Scott Anderson’s review published on Letterboxd:
If you are a fan of Marvel films like I am, the best thing that could have happened for the cinematic universe was the success of stories that might be deemed "risky" due to focusing on unproven commodities. Technically you could say that it started unproven of course, because no one could have known with Iron Man was released in May of 2008 that it would become the dominant interconnected beast it is today, but that's a given. What mattered most was when studio chief Kevin Feige was willing to finance films like Guardians of the Galaxy and Ant-Man. When those movies took off and won over audiences, it was safe to assume the universe would continue to expand and introduce us to new and fascinating characters.
Doctor Strange fits that bill, telling the story of Dr. Stephen Strange, an arrogant and egotistical neurosurgeon who has achieved far more acclaim and recognition than a typical member of his field. One night he is driving far too fast and erratically and violently crashes his car, losing the ability to use his hands in the process. It's a devastating turn of events for a man whose entire life resides in what he is able to do with his hands, and during his recovery he battles both depression and a far too ambitious drive to regain full functionality again via experimental treatments. When progress isn't progressing fast enough for his liking, Strange learns of a man named Jonathon Pangborn who never should have been able to walk again until he did. Not only walk, but live a completely normal, healthy life. When Strange locates him, Pangborn points him to a place called Kamar-Taj, and when the doctor arrives there his life changes in mysterious and mystical ways.
I started the review by speaking to fans of Marvel films. Going the other direction, if you are typically not interested in what these movies have to offer, you likely won't be again here aside from some truly stunning visual effects that are sometimes absent from the drab palettes of previous MCU fare. In my world the ambitious concepts and execution of these visuals and the directions this film goes in terms of alternate dimensions and portals and magic are worth the price of admission alone, but for many others the standard superhero origin story feel to the plotting could be a chore. As a fan, I never mind these solo efforts that lead into the connected and expansive character world because I have read enough of the comics now to be curious as to whether they will use the same beats or go in an original direction.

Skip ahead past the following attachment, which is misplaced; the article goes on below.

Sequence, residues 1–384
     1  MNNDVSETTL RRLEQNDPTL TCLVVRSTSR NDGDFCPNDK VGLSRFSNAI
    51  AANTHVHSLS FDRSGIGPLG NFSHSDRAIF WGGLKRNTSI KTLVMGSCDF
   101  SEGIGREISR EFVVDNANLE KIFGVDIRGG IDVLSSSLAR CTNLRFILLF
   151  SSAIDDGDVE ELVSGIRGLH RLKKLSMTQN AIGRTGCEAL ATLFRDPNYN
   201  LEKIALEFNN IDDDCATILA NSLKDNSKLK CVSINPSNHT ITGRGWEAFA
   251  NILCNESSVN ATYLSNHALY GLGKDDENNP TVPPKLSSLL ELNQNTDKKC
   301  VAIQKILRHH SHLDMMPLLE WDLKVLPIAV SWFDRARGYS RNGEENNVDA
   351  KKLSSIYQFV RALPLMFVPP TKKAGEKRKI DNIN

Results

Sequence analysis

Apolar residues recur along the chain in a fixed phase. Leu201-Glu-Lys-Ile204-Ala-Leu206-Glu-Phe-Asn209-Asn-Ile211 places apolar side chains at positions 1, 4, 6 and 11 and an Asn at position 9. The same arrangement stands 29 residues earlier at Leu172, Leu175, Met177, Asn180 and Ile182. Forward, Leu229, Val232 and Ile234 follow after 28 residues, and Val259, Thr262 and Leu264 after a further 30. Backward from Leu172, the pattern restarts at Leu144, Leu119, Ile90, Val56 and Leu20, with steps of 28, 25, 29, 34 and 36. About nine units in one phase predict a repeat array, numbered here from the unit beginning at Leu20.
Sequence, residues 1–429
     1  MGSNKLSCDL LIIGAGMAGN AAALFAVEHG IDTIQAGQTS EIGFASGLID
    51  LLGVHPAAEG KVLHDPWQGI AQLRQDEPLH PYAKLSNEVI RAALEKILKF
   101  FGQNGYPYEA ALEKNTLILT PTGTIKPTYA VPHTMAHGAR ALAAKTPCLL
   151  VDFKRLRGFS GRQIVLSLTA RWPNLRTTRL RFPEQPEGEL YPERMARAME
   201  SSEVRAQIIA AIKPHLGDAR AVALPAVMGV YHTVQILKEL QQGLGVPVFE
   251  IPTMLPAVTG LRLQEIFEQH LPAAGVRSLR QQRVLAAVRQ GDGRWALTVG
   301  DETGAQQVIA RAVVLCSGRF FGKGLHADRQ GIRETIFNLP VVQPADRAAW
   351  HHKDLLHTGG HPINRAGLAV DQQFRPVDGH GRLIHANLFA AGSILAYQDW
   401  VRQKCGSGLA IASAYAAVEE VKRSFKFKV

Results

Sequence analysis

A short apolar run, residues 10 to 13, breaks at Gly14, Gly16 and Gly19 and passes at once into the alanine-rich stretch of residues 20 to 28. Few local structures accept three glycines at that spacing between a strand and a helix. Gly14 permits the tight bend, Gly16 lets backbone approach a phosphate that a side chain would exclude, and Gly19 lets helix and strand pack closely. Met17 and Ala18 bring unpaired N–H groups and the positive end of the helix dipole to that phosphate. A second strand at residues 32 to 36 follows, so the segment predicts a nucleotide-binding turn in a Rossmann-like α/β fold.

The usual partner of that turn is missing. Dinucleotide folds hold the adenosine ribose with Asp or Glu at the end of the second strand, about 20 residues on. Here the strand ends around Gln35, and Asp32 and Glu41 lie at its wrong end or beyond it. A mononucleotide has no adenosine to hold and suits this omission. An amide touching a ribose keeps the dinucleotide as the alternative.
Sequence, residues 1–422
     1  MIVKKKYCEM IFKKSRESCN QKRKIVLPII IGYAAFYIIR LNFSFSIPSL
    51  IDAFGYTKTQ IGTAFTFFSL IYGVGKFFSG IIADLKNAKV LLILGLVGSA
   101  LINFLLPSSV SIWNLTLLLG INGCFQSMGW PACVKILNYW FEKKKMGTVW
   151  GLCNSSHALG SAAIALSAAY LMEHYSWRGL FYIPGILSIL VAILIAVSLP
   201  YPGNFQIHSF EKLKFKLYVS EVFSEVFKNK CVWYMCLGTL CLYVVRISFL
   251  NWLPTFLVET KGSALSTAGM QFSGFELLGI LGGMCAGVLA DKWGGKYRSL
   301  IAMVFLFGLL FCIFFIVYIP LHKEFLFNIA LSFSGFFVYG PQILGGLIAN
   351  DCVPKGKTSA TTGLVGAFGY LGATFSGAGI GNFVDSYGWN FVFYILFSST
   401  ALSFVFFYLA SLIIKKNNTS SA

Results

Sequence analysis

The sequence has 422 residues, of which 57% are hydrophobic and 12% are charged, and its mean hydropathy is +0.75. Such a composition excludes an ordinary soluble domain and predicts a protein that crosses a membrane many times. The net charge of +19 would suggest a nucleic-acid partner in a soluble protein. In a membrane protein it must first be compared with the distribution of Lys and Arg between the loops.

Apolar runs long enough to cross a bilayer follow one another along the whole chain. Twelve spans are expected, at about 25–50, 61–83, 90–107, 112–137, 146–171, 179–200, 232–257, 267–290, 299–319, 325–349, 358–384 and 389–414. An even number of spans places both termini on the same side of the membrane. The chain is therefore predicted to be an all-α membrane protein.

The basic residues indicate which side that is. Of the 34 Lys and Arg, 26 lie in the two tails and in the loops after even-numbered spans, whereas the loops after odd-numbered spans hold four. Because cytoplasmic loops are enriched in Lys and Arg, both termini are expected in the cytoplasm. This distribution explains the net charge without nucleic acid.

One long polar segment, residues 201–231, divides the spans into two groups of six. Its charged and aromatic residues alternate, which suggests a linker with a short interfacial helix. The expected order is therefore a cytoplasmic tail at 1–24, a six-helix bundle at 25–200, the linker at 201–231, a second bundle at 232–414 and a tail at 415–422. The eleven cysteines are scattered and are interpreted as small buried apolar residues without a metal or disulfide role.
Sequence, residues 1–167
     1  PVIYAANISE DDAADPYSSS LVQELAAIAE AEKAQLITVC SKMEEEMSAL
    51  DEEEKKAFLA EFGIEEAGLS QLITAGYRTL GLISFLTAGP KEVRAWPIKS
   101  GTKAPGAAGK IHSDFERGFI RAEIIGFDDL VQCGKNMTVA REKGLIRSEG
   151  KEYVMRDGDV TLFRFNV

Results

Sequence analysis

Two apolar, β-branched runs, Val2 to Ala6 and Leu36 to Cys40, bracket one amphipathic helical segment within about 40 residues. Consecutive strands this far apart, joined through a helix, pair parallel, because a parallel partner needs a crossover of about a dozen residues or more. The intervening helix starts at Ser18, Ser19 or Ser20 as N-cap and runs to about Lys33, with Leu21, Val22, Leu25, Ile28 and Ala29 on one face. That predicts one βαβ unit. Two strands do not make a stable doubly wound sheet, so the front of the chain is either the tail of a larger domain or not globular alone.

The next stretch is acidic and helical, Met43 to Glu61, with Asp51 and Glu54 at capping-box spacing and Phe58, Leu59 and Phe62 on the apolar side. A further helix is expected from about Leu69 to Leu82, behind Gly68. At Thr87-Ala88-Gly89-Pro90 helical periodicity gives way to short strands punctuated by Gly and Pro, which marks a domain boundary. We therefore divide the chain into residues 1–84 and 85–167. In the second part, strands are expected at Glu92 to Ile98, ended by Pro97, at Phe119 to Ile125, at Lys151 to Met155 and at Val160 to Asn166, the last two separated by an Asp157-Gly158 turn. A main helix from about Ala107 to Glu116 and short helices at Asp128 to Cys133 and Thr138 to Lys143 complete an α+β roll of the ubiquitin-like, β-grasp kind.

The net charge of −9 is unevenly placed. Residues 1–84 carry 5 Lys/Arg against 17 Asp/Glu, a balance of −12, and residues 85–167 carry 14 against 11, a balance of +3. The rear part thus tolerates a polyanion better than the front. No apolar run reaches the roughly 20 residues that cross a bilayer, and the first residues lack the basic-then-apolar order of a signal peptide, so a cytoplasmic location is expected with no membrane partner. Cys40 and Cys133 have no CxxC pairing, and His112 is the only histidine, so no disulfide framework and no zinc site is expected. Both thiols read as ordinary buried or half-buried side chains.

Some decry the origin portion of these films, I actually was concerned during the first act of Doctor Strange that there wasn't enough of it to really build the character. His aforementioned arrogance and narrow focus on only his career in life is crucial in order to understand the depths of his struggle and drive during his recovery, and I felt like I had barely taken my seat by the time he crashed his car. Even though I knew enough about Stephen Strange prior to even entering the theater, I didn't feel like we knew enough as an audience. However, the screenplay did a good job of incorporating some of that development into the sequences when he is fighting for normalcy in his hands to no avail again as we see him tear down those closest to him, like fellow surgeon Christine Palmer (Rachel McAdams) who begs him to see the value in his life even without his job. He won't consider it and becomes cruel, pushing her away.
The action sequences throughout Doctor Strange are solid and entertaining but nothing hit me quite as hard as what we saw in the Captain America films directed by the Russo brothers, The Winter Soldier and Civil War. This isn't much of a criticism though as I would hope that different filmmakers with differing visions of characters wouldn't feel redundant in terms of style from film to film. One area that Marvel seems to really miss the mark on, time and time again, are their villains and unfortunately that's basically the case again in Doctor Strange. I had lofty expectations with the casting of the excellent Mads Mikkelsen in the role of Kaecilius, and he is fine but nothing especially memorable in the grand scheme of the cinematic universe.
Despite some issues, Doctor Strange is another entry into the Marvel world that flat out works. Benedict Cumberbatch was the absolute perfect choice to play the Sorcerer Supreme, exemplifying the arrogance and the drive to be able to withstand the injuries and the subsequent training that would help repair his body and mind. Director Scott Derrickson along with co-writers Jon Spaihts and C. Robert Cargill bring that sense of fun and adventure to this tale, and to see the magic and dimension bending movements on screen is wondrous and hypnotic. Perhaps I am just a sucker who has fallen in line to the trappings of what Feige and the others in charge of Marvel Studios want from their loyal audience, to simply buy their brand with enthusiasm with each passing entry rather than begin to feel fatigued over their seemingly never-ending slate, but I am in. They've got me, and I stick around for the post credit scenes ready to see what direction we might go in next every single time. Doctor Strange is another winner and I look forward to seeing him brought in with the team for the next Avengers entry and, of course, the eventual solo sequel that is clearly destined to be made.